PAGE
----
Video 5 Ecosystem Ecology - Lake Harding Association

Video 5 Ecosystem Ecology

Video 5 Ecosystem Ecology

By Micah Moen 0 Comment October 11, 2019

hi APESstudents welcome to video 5 it is on
ecosystem ecology so here are our objectives for video 5 I’ll let you
pause the video and kind of read through them but most of them are things that
you should probably remember from biology at least a little bit so levels
of organization you need to know and be able to put them in order and know what
they are organism is the same as an individual population is a group of
individuals or organisms community is multiple populations ecosystem now
includes abiotic factors of water air that sort of thing and then a biome we
know we’ve talked about already is a very very large area that includes lots
of different ecosystems so the factors that impact populations you have to
density dependent density independent basically density dependent depends on
the number of individuals that you have so things like food water disease those
all really depend on you know how how dense an area is so disease will flow
through a very dense population a lot differently than a very scattered
population additionally independent are things that
it doesn’t matter how many animals or plants there are one zebra or a hundred
zebras drought is going to impact those zebras in the same way and then carrying
capacity is limiting factors acting on a population so we know carrying capacity
is the number of individuals that our ecosystem can support and those limiting
factors like space and food are going to be impacting that carrying capacity so
we talked about abiotic and biotic factors be able to list out a few biotic
factors are basically all of your consumers and producers abiotic factors
are all of your nonliving things in the environment so things like the Sun
precipitation oxygen those sorts of things now down here when we have the
soil soil can be both a biotic and biotic because there’s bacteria in the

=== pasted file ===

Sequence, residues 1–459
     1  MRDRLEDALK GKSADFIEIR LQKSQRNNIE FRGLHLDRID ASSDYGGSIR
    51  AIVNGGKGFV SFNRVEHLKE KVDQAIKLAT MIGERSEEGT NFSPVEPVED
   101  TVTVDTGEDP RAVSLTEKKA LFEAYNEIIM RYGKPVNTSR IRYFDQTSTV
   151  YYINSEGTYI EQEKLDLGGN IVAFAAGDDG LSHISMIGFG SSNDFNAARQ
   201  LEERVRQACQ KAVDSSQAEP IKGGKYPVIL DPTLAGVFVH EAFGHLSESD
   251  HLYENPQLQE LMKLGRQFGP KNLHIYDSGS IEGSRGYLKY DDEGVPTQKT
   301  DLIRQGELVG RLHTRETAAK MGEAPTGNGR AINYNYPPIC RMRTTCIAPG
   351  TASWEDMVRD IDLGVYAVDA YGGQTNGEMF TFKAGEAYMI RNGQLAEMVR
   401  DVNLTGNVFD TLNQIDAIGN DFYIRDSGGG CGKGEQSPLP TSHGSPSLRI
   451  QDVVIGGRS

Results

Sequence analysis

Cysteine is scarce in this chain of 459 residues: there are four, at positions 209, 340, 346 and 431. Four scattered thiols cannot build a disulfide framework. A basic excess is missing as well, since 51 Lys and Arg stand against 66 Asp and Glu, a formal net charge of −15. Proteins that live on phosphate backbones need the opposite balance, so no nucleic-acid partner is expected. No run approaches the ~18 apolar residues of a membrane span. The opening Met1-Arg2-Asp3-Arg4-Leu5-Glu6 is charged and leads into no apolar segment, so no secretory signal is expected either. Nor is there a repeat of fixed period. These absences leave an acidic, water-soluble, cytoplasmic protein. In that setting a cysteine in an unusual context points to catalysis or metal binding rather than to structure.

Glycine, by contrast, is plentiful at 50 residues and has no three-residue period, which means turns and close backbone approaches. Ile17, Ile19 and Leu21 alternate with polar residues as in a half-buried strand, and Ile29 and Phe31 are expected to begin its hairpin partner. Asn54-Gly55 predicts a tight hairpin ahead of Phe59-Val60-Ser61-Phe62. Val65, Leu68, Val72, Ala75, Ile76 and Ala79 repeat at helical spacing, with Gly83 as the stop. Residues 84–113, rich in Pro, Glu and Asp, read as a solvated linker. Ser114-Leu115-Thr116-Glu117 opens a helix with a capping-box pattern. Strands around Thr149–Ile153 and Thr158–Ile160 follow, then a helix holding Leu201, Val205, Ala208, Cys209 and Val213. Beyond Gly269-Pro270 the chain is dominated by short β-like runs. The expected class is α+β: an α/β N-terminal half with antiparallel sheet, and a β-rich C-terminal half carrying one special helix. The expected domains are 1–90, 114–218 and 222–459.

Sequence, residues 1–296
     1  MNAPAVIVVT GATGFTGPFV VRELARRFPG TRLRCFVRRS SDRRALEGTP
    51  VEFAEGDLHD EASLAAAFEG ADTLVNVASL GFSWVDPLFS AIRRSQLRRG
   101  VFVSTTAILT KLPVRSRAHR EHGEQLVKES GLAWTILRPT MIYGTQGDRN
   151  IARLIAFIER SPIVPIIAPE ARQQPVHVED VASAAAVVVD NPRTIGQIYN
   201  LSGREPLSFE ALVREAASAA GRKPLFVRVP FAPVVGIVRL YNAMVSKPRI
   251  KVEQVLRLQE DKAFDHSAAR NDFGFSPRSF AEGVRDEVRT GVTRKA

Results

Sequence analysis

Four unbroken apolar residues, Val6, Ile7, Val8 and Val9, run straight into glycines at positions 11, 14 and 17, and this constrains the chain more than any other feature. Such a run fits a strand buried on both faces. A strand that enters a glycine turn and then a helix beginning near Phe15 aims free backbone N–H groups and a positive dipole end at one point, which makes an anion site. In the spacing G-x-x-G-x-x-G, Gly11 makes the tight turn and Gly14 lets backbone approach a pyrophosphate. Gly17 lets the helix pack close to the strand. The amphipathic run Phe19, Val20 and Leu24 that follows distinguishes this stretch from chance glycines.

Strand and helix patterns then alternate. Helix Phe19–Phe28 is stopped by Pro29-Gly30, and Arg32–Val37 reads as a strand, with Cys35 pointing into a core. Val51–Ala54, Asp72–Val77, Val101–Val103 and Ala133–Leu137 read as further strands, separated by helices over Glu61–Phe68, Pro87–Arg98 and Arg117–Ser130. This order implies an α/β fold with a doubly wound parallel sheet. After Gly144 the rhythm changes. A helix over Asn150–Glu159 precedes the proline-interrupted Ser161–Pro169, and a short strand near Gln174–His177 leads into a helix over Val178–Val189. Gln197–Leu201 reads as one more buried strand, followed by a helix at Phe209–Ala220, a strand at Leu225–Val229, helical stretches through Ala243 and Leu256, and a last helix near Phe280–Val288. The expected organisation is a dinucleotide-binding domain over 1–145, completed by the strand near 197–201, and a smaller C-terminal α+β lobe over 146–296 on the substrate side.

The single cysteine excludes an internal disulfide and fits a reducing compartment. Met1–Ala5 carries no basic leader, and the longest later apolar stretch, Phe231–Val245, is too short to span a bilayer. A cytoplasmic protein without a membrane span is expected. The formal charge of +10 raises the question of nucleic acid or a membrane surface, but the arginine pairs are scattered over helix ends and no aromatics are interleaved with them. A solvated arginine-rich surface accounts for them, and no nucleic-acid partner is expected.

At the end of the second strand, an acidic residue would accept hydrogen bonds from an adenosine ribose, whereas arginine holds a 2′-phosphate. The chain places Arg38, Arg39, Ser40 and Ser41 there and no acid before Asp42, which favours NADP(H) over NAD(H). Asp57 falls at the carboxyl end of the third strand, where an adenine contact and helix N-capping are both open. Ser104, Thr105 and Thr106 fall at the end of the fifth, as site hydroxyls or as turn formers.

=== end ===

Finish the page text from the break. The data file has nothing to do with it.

soil that are breaking down different organisms so again that one has living
and nonliving in it so some key words to know in terms of definitions are
keystone species and indicator species keystone species have an unusual large
impact on the ecosystem like the American alligator the L
and the wolf here is your keystone right here in the Ark and if you take that out
all of the other animals and organisms will basically collapse indicator
species have served as early warning signs for an environment most the time
they’re gonna be things like birds reptiles amphibians you may have heard
the canary in the coalmine which alerts the coal miners to low
oxygen levels if the bird dies so that’s an indicator species um so we’re gonna
talk about food chains and food webs now and producers are the base of all of our
food chains and food webs and they are producing all of our food they do this
by photosynthesis yes you need to know and memorize this formula if it helps
remember the numbers 666 okay not the greatest numbers in the
world but they will help you remember this formula so you have six carbon
dioxide’s you have six oxygens it’s producing glucose and six are sorry six
water’s in the beginning over here it’s producing six R its producing glucose
and six oxygens and then the opposite of aerobic respirate or opposite of
photosynthesis is respiration glucose and oxygen giving us carbon dioxide and
water so here’s our food chain we have our producers also known as an autotroph
if you don’t know that word we have our consumers also known as heterotrophs you
also need to be familiar with herbivore which is something that eats only plants
like our grasshopper you need to know carnivore eat only animals like the owl
and snake and omnivores eat both plants and animals like the bird so we look at
a more complex situation we have a food web which has multiple food chains in it
you’ll notice that the producers are at the bottom of the food web and the
consumers are at the top we also talked about a positive feedback loop in our
food webs and this is a trophic cascade so say for example I take out the
grasshopper remember a positive feedback loop is changing in the same direction
so if I take out the grasshopper the rat is also going to die off because it
doesn’t have a grasshopper to eat since the rat has died off the bird will have
shoes because the wolf is now only going to be feeding on that if the wolf is
only feeding on the birds then the dragonflies are going to have issues
because now the bird is not going to be around and now the dragonfly is going to
be feeding on these animals and then eventually the Frog will go extinct and
you see the idea here all of our organisms start to be impacted so again
this is a positive feedback loop multiple organisms are dying off because
even just a few are gone from our food web um so again the base is our
producers that gives us a hundred percent of energy in our food web and on
average about 10 percent is passed along into each next level so we lose a lot of